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Government is committed to recognising nurses and healthcare workers – Taoiseach

DUBLIN: This International News Week brings good news for Irish nurses and all healthcare workers. Taoiseach Micheál Martin has said that the Government is committed to recognising the dedication and contribution of nurses and all healthcare workers during the pandemic.

The Taoiseach said the role of nurses and midwives has changed significantly over the past year, and that they have shown great innovation and responsiveness in caring for patients. Mr. Martin added that the government is committed to protecting the health sector and health workers, as well as to continued development of the profession.

The Taoiseach was speaking at the annual conference of the Irish Nurses and Midwives Organisation (INMO) on Thursday. He told the conference that work was ongoing to determine the best way to support nurses and health workers in Ireland.

He also said that he wanted to acknowledge student nurses who continued their education during the pandemic. He said the government is implementing a report prepared by Prof Tom Collins, including a €100 per week pandemic placement grant. The government had also commissioned a long-term review of student allowances and internship pay, he added.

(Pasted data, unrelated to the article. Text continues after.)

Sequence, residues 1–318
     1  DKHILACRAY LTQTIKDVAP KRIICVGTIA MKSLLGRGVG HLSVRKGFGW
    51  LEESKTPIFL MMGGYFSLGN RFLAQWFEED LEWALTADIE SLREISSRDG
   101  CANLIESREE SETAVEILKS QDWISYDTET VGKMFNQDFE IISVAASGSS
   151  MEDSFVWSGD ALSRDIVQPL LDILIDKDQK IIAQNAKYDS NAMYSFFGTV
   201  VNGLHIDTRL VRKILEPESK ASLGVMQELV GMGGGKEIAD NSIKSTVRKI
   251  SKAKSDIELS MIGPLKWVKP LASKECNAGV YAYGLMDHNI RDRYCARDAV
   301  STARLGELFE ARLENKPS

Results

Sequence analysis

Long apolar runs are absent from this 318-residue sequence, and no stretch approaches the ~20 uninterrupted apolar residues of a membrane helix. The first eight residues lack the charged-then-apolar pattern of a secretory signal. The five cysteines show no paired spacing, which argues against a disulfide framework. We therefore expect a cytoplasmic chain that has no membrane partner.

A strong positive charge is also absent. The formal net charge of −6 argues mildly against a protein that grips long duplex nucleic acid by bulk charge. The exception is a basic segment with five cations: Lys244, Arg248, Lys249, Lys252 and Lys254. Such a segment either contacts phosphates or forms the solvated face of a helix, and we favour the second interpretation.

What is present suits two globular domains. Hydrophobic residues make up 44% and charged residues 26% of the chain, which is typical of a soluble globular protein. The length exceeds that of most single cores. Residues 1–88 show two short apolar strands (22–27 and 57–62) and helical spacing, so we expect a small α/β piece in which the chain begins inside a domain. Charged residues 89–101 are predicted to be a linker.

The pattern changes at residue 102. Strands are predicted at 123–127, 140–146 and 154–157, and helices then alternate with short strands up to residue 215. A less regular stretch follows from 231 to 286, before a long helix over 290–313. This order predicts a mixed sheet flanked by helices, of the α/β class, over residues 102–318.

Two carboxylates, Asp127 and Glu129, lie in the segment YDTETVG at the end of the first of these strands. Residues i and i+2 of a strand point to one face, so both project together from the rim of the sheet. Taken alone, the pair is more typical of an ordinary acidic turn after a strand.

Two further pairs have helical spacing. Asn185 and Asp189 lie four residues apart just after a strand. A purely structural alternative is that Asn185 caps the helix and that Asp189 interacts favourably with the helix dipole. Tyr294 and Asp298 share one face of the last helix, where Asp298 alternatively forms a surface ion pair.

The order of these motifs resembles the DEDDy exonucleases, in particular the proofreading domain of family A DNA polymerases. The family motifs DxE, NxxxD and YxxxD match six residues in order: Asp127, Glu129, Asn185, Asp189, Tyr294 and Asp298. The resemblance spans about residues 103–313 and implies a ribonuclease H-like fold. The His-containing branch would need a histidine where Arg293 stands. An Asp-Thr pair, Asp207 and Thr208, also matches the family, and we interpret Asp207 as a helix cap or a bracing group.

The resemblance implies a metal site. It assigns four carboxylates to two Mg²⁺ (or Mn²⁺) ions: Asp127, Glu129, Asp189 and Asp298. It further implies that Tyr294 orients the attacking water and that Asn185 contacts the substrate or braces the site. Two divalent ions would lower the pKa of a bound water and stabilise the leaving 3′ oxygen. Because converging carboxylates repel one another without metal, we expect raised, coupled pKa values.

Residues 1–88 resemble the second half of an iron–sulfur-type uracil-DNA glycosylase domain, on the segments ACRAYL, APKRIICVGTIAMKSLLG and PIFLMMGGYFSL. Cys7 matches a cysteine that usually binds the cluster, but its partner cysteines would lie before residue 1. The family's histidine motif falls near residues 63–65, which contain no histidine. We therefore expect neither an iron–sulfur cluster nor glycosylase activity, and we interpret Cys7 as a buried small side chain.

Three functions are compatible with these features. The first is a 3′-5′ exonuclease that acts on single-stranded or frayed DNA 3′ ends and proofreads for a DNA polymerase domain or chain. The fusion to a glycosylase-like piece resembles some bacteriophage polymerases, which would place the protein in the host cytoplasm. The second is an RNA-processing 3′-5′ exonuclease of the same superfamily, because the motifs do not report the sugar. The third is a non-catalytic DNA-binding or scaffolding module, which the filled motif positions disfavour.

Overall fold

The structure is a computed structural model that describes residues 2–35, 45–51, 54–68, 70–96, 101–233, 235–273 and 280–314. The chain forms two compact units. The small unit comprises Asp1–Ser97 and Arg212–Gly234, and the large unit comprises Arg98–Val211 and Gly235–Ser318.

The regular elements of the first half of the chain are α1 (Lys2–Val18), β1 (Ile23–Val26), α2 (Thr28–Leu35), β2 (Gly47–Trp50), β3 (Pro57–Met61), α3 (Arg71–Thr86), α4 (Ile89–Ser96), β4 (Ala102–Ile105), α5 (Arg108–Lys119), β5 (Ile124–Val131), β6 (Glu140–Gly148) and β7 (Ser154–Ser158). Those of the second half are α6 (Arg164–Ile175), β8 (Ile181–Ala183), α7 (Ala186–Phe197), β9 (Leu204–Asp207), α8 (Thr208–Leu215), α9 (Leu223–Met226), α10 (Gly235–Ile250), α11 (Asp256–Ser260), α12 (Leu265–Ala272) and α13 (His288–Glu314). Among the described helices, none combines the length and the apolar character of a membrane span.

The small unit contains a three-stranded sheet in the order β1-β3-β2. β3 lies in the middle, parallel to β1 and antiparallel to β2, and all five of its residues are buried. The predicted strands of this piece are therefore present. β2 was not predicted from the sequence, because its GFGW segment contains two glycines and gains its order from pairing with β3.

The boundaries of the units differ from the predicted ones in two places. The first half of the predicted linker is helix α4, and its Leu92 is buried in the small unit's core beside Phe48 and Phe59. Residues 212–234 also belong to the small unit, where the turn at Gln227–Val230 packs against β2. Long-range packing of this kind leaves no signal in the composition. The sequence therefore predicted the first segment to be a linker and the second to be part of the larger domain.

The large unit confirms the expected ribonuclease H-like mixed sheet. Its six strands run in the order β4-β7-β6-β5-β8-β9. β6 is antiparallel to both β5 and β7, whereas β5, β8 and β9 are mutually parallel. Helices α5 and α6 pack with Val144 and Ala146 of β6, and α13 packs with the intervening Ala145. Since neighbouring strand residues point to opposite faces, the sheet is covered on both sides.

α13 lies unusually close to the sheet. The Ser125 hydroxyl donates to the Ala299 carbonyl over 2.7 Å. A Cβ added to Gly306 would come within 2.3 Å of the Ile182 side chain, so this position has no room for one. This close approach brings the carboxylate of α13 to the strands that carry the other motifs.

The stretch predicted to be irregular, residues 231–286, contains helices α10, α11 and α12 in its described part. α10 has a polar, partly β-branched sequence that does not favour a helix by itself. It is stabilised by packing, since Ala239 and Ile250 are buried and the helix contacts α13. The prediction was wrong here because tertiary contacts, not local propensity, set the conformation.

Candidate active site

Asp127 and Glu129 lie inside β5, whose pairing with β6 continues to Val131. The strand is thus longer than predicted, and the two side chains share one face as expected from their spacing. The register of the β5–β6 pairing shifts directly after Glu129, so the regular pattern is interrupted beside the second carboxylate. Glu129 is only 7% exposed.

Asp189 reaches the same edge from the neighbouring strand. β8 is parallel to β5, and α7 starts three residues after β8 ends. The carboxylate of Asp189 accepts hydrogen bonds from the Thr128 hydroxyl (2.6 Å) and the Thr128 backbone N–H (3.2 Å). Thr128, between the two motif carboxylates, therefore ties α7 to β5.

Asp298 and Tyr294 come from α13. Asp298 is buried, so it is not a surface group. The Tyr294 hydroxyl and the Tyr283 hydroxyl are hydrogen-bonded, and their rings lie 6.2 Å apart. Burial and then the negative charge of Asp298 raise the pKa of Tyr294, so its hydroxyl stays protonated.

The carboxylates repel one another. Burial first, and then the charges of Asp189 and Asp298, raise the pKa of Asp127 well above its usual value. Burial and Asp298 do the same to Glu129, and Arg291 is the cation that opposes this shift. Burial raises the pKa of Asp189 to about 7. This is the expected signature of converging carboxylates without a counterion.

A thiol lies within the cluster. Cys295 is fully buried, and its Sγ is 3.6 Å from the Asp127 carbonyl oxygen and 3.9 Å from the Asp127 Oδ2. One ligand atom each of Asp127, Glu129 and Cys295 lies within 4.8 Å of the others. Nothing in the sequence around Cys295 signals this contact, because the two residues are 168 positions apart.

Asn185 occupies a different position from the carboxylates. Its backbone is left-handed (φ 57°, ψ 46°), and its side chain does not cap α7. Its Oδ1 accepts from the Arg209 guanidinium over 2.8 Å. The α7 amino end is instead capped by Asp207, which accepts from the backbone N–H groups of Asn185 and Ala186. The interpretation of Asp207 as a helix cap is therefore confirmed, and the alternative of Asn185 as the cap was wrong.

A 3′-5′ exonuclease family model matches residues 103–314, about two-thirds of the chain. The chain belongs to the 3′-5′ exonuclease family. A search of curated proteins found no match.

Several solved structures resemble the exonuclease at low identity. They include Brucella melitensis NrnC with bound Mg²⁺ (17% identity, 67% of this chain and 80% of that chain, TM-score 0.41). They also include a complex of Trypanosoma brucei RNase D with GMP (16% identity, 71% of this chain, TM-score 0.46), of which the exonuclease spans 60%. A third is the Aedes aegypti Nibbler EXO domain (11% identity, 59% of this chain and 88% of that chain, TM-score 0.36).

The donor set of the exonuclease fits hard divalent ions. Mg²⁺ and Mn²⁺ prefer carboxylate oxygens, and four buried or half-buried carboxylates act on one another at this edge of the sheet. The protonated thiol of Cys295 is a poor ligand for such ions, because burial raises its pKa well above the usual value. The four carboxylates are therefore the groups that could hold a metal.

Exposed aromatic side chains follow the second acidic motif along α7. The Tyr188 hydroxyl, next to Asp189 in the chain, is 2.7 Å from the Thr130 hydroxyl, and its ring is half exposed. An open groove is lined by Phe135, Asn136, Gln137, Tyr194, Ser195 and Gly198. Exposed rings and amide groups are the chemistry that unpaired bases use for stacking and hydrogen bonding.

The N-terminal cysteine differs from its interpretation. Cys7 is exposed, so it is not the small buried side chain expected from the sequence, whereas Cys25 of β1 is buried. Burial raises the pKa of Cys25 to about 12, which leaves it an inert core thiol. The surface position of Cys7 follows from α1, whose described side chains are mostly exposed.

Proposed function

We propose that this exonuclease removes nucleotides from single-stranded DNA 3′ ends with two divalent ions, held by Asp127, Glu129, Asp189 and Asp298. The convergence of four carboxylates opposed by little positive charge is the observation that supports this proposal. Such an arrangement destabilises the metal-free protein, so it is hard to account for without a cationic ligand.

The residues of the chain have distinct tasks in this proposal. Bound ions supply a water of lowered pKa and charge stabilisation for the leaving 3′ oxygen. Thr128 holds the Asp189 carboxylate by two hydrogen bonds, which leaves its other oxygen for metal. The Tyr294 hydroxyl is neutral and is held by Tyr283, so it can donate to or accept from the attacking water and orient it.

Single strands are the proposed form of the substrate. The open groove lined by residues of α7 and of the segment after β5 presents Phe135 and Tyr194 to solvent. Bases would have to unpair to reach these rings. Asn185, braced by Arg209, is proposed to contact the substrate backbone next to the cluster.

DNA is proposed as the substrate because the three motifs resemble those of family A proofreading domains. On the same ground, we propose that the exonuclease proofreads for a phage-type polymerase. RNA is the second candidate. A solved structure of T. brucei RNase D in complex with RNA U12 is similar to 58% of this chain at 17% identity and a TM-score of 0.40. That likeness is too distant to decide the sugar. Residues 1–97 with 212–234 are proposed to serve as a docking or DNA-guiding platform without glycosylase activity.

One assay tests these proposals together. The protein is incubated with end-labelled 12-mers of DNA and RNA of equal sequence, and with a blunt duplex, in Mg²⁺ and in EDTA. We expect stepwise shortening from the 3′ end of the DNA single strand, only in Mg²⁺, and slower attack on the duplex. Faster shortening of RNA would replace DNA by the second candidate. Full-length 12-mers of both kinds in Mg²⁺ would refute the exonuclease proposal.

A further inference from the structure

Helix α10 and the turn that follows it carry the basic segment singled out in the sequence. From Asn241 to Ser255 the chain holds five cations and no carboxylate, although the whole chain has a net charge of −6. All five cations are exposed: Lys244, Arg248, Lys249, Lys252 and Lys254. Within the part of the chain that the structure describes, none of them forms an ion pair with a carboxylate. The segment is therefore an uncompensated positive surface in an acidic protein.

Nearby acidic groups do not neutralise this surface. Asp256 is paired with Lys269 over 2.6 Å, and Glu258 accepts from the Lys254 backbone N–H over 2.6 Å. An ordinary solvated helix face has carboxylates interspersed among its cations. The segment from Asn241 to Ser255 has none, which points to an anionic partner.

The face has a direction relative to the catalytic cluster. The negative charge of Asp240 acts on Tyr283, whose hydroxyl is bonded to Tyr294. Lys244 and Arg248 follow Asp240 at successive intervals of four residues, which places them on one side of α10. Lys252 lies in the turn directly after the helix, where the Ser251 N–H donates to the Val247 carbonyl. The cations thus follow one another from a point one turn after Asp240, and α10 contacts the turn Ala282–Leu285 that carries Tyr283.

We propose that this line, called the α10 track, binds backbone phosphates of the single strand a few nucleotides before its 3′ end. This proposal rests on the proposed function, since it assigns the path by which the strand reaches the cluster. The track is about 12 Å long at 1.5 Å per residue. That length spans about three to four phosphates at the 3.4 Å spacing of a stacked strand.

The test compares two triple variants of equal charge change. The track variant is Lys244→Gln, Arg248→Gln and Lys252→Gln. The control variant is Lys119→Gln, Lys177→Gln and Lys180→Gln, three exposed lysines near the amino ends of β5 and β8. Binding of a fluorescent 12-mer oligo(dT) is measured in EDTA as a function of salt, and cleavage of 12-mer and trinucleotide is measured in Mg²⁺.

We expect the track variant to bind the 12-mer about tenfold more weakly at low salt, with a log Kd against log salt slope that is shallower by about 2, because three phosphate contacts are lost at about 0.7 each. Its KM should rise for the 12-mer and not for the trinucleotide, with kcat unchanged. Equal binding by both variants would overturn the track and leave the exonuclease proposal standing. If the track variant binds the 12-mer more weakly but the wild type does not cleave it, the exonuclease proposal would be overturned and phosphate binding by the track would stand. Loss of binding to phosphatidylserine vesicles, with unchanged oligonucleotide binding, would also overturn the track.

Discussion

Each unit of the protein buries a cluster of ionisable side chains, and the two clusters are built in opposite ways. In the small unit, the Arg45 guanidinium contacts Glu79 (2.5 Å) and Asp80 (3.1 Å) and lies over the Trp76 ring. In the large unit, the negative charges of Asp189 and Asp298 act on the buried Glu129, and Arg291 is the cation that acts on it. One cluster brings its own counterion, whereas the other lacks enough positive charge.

Enough of praises; action is required

Nurses and health workers are only receiving words of gratitude and appreciation, but they do not receive the compensation or additional leaves they deserve. This is exactly what INMO President Karen McGowan is pointing out here. He urged the government to stop considering its compensation or recognition proposals and to begin putting them into action.

Last November, the INMO lodged a claim with the HSE requesting 10 days of additional leave for nurses and midwives as compensation for work done during the pandemic. But no action has been taken so far in this regard. However, the union has stated that on the second day of its annual conference today, they will consider an emergency motion calling for compensation for frontline healthcare workers.

The INMO said frontline nurses and midwives suffering from long-term COVID-19 symptoms are not receiving the required medical or job assistance. Long-term symptoms include extreme fatigue, brain fog, breathing difficulty, heart problems, and vision impairment. Nurses who are suffering from symptoms for months after being infected with the Corona virus will speak at today’s conference.

INMO general secretary Phil Ní Sheaghdha said: “The HSE need to lead the charge on this and implement the measures that our members are calling for. This is a condition people are acquiring at work and their workplaces need to step up and give them the support they need.”

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